There are, of course, exceptions; after almost three years in which masks have been ubiquitous, the government is proceeding with caution. It will continue to ask people to cover up when visiting hospitals or using crowded public transport and convenience-store employees will be expected to wear masks even if customers don’t. There will also be polite requests to put them on in venues that have large numbers of senior patrons, such as kabuki theatres. Despite the new guidelines, there was no noticeable change on the streets of Tokyo yesterday. People of all ages appear to be wearing their masks for now. Many are also using them to help them cope with this year’s high cedar pollen levels.

Image: Shutterstock

Diplomacy / Nicaragua

Divine intervention

Nicaragua has threatened to sever diplomatic ties with the Vatican. In an interview with Argentinian news outlet Infobae on Friday, Pope Francis (pictured) described the Central American nation as a “crude dictatorship” and its president, Daniel Ortega, as “unbalanced”. Two days later, Nicaragua’s Ministry of Foreign Affairs announced that it would suspend relations in response.

This is the latest flare-up in an ongoing dispute between the Church and Ortega’s government; the Pope’s comments followed last week’s shuttering of universities in Nicaragua with Catholic ties and the imprisonment of the bishop of Matagalpa, Rolando José Álvarez, in February. The Holy See’s embassy in Managua has now been ordered to close, an unprecedented development in the modern history of the Church. Only God knows what will happen next.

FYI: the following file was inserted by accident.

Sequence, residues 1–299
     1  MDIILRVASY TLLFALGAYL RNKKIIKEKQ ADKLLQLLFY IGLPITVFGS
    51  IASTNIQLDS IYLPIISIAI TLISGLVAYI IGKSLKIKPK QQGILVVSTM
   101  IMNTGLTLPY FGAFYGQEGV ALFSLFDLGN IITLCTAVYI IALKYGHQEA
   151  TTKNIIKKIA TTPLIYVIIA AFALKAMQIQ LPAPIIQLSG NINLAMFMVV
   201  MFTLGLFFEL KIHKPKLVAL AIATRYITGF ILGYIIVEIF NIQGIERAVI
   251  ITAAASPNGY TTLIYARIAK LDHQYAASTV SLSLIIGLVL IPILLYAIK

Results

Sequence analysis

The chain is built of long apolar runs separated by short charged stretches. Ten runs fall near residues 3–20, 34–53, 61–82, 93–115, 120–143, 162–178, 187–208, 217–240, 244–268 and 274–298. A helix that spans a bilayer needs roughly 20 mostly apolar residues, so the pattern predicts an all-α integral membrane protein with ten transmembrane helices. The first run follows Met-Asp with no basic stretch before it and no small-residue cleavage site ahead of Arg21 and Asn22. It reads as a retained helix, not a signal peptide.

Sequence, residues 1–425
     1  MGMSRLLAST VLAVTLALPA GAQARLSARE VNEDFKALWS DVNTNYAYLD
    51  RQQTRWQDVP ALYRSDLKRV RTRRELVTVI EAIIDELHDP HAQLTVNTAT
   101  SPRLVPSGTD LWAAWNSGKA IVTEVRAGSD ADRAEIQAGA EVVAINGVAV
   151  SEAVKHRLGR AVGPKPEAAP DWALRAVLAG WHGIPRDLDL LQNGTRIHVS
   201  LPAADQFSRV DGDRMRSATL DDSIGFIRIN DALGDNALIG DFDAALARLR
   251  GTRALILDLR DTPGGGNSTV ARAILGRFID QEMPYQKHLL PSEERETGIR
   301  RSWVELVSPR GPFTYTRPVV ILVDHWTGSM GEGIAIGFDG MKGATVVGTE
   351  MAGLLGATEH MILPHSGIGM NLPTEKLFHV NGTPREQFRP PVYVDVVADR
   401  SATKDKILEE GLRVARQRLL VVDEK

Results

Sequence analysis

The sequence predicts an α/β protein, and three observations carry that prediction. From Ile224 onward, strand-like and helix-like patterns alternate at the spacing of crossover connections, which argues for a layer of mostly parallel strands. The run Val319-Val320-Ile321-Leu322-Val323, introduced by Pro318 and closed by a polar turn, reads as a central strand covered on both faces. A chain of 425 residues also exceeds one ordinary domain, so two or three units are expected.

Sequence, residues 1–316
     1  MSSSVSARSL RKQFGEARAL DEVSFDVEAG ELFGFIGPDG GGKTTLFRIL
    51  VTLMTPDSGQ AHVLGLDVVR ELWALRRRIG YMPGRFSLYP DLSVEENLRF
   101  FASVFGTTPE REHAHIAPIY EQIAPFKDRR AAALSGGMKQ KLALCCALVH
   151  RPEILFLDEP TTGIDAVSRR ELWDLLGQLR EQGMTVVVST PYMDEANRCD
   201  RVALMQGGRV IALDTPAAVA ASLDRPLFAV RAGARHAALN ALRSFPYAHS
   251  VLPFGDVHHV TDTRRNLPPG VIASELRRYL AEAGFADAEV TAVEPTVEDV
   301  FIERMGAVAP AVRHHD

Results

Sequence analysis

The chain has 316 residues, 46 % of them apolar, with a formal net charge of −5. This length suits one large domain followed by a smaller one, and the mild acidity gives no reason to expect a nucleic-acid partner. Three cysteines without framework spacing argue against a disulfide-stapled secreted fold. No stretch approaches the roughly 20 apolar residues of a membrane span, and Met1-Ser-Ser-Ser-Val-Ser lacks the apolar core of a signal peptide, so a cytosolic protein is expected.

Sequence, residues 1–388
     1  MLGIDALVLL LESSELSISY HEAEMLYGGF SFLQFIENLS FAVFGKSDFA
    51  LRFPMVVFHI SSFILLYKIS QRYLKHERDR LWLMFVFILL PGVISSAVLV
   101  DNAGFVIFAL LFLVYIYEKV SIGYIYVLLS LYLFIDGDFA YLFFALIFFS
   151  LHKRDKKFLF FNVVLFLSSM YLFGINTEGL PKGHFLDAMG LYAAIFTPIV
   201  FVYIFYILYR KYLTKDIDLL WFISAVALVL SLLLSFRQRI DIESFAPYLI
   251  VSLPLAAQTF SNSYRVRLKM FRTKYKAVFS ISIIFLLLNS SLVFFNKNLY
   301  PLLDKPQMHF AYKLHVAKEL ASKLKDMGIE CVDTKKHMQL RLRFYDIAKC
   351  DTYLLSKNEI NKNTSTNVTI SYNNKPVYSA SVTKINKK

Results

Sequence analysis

Image: Heatmap

Media / USA

Warming signs

Heatmap News, a media platform dedicated to covering issues related to climate change, launched in New York last week. Once considered a fringe concern, environmentalism has become a pressing issue around the world over the past few decades. Heatmap hopes to capitalise on this shift by offering readers perspectives on subjects such as foreign affairs, business and culture through the lens of the climate crisis.

“A good example of a similar publication is Wired in the 1990s,” Nico Lauricella, Heatmap’s editor in chief and CEO, tells The Monocle Minute. “It gave its readers insight about a particular issue, technology, but also products and stories related to it.” The platform uses a subscription model, priced at $7.99 (€7.45) a month or $79 (€74) a year. “It’s the best financial model because you have a direct relationship with your reader,” says Lauricella. Heatmap will also raise revenue through advertising. It has a strict policy of refusing to work with companies that profit from fossil fuels.

Image: Alamy

Monocle 24 / The Urbanist

Good sports

What roles do stadiums, parks and clubrooms play in our built environment? We look at the intersection between sports and city planning, delve into the US pickleball craze and explore Argentina’s sports clubs.

Monocle Films / Sweden

Sweden’s Arctic: green innovation

Norrbotten in Sweden is blessed with natural resources but more recently has been turning heads because of its growing roster of innovative start-ups. We bear witness to the region's effort to change heavy industries into clean businesses.